For the past couple of years it was Northern Ireland that kept British Prime Minister Tony Blair awake at night. Soon there will be a new distraction.
Mr. Blair's surprise announcement over the weekend that he and his wife, Cherie, are expecting another child - their fourth - next May has been greeted with delight by the British press.
But political analysts foresee complications ahead. Michael White, political editor of the Guardian newspaper, says the year ahead will be "a turbulent time." The Blair's official London residence, 10 Downing Street, is "really just a small place," Mr. White notes. "The idea of accommodating a newborn baby, with all that that entails, in the upstairs living quarters, strains the imagination."
Blair, who said he was "utterly shocked and surprised, but also delighted," foresees challenges ahead, too. The day after the announcement, he told reporters: "I just can't believe that I'm going to be changing nappies [diapers] again."
Four a.m. feedings are certain to impact his wife's busy professional life as well. Mrs. Blair is a sought-after and highly paid legal advocate.
Staff at Downing Street are having to do some quick forward planning. The last British prime minister known to father a child while in office was Lord John Russell, whose son, George, was born in 1848. A source inside the Blair residence said, "This is all uncharted territory for us. I suppose we'll have to erect some kind of safety fence at the top of the staircase." There will also be parking problems at No. 10 - inside the house, that is, not out on the street. Household staff members are quoted in the tabloid press as saying they're going to have to find room for a baby carriage in the cramped hallway at the foot of the stairs.
Privacy is also bound to be a concern. In the 2-1/2 years the Blairs have inhabited Downing Street, the British media have allowed their three children (teenage sons Euan and Nicholas and daughter Kathryn, 11) to enjoy a low media profile, even though they attend school in central London. With the arrival of a new child, however, intense media interest is inevitable, and it remains to be seen how the prime minister and his wife will handle the problem.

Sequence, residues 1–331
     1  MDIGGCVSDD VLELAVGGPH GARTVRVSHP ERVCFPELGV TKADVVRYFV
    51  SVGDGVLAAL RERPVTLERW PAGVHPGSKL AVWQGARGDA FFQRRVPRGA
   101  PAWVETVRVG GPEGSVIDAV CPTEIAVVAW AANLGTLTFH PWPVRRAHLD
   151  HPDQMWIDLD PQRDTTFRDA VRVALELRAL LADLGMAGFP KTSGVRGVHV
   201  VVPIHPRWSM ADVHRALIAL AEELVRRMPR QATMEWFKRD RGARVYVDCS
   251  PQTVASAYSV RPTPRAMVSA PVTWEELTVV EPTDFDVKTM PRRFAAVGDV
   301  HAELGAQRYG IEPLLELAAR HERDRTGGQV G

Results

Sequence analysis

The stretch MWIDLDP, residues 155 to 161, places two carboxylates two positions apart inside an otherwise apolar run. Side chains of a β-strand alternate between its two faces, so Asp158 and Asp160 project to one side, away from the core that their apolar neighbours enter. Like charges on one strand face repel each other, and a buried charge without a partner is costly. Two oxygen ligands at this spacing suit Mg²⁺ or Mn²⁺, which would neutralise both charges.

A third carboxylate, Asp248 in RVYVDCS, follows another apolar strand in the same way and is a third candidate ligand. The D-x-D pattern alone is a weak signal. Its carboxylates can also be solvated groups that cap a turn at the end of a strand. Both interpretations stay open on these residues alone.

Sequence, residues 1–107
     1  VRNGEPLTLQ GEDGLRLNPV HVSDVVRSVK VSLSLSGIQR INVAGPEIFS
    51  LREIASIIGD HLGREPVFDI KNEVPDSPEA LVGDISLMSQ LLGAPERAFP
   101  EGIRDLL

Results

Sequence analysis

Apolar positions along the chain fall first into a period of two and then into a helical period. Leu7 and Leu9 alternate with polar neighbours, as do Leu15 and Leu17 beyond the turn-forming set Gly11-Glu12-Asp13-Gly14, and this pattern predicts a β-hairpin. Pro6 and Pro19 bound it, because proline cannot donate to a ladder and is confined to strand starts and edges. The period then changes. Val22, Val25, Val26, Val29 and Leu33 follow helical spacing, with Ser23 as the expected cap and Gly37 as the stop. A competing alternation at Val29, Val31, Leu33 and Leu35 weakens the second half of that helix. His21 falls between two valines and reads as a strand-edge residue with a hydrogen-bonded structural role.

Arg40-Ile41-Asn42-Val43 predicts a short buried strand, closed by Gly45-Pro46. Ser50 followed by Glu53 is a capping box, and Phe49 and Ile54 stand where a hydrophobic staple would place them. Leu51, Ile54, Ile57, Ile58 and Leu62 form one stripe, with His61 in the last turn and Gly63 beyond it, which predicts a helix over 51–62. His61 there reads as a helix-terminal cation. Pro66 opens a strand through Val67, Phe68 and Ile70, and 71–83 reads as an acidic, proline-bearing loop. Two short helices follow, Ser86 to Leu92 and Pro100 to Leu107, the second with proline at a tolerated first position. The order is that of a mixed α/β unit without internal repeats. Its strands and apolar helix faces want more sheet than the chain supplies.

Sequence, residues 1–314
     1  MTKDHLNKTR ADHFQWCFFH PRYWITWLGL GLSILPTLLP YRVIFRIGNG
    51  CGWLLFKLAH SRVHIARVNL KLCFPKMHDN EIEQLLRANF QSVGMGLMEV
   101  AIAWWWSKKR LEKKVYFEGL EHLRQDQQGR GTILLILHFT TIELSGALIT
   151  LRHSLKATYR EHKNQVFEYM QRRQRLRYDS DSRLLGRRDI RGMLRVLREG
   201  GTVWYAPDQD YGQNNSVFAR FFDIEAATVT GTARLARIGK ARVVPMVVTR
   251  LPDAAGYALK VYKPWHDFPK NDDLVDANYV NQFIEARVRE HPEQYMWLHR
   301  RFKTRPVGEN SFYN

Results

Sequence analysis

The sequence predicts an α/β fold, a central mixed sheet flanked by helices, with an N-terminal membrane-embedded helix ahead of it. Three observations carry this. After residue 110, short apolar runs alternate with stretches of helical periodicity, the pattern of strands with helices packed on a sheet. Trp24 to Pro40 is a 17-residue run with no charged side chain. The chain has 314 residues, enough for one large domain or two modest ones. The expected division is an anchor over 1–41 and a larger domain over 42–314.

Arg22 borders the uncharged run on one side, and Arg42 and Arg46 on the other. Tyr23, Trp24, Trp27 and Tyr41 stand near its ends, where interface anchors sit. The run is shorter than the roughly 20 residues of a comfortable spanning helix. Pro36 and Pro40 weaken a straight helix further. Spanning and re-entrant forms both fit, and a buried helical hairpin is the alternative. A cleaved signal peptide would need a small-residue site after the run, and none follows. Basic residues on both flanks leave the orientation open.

Still, political biographer Anthony Howard, sees "a distinct upside" to the Blairs' late arrival. "Tony is already known to be an enthusiastic family man and a hands-on father, and his wife is obviously a devoted mother," he says. "For the public to see a baby carriage coming and going from No. 10 will be a huge political bonus, especially with a general election looming a year or so from now."
The latest opinion polls show Blair's popularity, which had been dipping, up 5 to 10 points.
While there is widespread belief that the arrival of a baby can only be political good news for Blair, Howard forecasts that it may in the end shorten his tenure as prime minister. "Until now, everyone, myself included, has assumed that Blair wanted at least two full terms in office. But the baby may change all that," Howard says. "If he wins the next general election, I can imagine him wondering halfway through his second term whether it mightn't be a good idea to step aside for someone else - perhaps [Chancellor of the Exchequer] Gordon Brown."
Blair may have betrayed that line of thinking when he commented: "This child is going to be at school when I'm a pensioner."
Benazir Bhutto may be able to offer some helpful advice. The former prime minister of Pakistan, now living in exile in Britain, raised two young children while in office.
(c) Copyright 1999. The Christian Science Publishing Society